April 1 U.S. regulators on Monday launched a
review of policy governing the way it enforces broadcasts of
nudity and profanity on radio and television and asked for
public comment on whether its current approach should be
The Federal Communications Commission issued a public notice
inviting comment on whether it should focus its efforts on
pursuing only the "most egregious" cases in which rules are
broken, or focus on isolated cases of nudity and expletives
uttered on radio and TV shows.
The public notice follows a Supreme Court ruling in June
2012 against a government crackdown some 10 years ago on nudity
"We now seek comment on whether the full Commission should
make changes to its current (egregious cases) broadcast
indecency policies or maintain them as they are," the FCC said
It asked for public input over the next 30 days on whether,
for example, it should treat cases of nudity in the same way as
profanity, and whether "deliberate and repetitive" use of
expletives is necessary to prove indecency.
Since the Supreme Court ruling, the FCC said it had focused
its enforcement on "egregious cases" and had handled a backlog
of more than 1 million complaints since June 2012.
The Supreme Court said that the FCC rules were vague and
that it had not given fair notice of a tougher stance that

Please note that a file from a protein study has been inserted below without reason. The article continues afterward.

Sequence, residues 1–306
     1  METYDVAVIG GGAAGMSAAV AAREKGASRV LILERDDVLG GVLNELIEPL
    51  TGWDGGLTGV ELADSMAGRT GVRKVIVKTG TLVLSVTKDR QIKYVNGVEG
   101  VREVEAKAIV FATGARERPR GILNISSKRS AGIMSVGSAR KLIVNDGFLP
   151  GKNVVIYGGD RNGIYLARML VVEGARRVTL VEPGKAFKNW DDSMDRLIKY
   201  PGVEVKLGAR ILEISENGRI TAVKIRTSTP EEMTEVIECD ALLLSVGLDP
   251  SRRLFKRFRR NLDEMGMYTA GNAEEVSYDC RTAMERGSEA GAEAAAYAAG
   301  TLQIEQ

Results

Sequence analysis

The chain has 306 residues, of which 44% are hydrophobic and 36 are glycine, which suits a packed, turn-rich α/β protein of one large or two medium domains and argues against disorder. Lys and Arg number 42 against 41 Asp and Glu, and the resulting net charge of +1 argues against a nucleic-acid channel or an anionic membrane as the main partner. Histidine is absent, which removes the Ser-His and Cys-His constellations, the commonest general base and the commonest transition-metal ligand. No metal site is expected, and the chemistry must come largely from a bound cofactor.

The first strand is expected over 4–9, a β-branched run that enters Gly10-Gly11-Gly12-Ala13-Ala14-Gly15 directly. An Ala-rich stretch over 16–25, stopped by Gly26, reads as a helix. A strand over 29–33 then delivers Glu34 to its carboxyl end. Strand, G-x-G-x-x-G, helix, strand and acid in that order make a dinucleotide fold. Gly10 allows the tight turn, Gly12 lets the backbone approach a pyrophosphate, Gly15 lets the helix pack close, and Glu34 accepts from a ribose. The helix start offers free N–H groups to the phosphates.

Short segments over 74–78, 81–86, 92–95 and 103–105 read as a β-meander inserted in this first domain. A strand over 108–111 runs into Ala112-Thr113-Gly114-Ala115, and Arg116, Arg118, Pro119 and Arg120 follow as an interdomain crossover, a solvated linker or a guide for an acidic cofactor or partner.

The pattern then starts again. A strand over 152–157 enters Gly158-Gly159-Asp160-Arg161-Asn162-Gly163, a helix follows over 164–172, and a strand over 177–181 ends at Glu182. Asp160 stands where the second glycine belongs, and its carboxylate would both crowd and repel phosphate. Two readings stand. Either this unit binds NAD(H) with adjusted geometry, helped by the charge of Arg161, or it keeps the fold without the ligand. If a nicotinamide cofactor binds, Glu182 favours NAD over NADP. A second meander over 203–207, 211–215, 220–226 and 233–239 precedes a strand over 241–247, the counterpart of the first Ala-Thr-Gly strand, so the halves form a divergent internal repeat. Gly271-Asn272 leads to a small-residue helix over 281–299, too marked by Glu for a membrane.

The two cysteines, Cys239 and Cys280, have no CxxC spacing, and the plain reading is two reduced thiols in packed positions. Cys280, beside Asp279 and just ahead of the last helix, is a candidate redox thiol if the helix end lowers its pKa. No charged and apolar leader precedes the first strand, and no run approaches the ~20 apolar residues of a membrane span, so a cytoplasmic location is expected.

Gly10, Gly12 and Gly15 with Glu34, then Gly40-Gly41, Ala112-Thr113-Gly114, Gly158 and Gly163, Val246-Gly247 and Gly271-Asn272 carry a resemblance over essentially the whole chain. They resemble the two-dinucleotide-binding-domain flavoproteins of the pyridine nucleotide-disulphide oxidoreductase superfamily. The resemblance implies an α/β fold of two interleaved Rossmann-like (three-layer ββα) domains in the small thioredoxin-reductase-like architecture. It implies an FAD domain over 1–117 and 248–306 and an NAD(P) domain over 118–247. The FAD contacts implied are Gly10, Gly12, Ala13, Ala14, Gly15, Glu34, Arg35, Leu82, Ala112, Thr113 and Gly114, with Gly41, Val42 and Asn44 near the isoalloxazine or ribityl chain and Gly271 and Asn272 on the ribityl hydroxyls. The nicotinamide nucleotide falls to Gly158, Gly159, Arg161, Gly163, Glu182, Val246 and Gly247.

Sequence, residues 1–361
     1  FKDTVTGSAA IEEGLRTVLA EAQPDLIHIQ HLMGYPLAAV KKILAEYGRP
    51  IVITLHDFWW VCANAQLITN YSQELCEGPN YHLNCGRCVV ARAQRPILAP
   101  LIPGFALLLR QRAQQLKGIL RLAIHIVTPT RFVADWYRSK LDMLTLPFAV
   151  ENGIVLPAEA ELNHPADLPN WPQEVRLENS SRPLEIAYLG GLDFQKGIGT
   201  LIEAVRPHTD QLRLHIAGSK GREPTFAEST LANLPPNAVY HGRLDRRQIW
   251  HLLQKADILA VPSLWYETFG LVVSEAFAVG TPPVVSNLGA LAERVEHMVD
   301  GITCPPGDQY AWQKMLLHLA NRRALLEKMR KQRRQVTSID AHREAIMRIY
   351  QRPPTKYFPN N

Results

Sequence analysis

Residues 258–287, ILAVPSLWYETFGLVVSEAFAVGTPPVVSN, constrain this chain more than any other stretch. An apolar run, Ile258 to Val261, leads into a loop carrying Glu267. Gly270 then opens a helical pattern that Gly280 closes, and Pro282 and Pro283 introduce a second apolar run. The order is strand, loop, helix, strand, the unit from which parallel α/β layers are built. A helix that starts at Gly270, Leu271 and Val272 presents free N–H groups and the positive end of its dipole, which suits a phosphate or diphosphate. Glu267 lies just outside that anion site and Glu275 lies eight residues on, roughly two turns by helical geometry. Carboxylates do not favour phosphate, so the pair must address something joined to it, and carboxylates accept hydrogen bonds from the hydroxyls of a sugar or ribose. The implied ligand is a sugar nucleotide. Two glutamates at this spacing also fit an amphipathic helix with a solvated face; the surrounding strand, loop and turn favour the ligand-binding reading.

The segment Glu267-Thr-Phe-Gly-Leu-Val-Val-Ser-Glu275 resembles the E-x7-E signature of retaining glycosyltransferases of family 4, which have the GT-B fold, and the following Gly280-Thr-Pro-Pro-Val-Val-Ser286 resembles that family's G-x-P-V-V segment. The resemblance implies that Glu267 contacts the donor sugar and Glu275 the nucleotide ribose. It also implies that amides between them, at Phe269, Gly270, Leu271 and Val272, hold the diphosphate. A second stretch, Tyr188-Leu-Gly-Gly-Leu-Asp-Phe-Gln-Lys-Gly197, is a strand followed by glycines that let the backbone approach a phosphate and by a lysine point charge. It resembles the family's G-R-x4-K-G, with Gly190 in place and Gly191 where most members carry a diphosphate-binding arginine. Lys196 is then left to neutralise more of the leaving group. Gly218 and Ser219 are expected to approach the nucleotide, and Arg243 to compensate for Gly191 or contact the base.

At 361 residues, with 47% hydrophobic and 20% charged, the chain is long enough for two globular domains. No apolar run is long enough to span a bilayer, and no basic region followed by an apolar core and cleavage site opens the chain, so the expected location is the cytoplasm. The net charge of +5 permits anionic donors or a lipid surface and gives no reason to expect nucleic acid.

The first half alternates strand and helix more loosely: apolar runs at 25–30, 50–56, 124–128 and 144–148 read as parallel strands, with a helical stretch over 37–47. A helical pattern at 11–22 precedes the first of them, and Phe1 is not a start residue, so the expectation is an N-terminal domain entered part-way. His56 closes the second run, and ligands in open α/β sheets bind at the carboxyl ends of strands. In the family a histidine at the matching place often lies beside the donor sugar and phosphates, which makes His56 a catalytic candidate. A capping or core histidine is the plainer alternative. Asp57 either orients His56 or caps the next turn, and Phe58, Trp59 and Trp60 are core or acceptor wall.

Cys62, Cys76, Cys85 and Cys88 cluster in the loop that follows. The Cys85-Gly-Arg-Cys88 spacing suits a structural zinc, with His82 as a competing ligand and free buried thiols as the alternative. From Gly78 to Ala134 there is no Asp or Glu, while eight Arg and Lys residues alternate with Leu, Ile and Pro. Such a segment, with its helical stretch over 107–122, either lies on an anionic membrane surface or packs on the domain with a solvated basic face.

resulted in three-high profile incidents that resulted in
complaints and fines against U.S. networks.
These included the broadcast of a glimpse of singer Janet
Jackson's breast at a 2004 Super Bowl half time show.
Under a 2001 FCC policy that was amended in 2004, network
and local radio and television channels can be fined up to
$325,000 for a single fleeting expletive blurted out on a live
show or for brief glimpses of nudity. Cable and satellite
operators are not subject to such rules.
The FCC said that it would continue to enforce its current
polices as usual during the comment period and that Monday's
public notice did not alter any of its policies.
The TV industry has argued that policies have been
inconsistent over the years, allowing the television broadcast
of movie "Schindler's List" that includes nudity, but leading to
fines against News Corp's Fox television for expletives
uttered by singer Cher and reality TV star Nicole Richie on
awards shows in 2002 and 2003.
The most publicized case in recent years was the so-called
"wardrobe malfunction" that allowed part of Jackson's breast to
be briefly exposed during a half-time show for the 2004 Super
Bowl football championship that drew half a million complaints.
CBS was fined $550,000 but the fine was thrown out by the
Supreme Court in a separate judgment in late June 2012.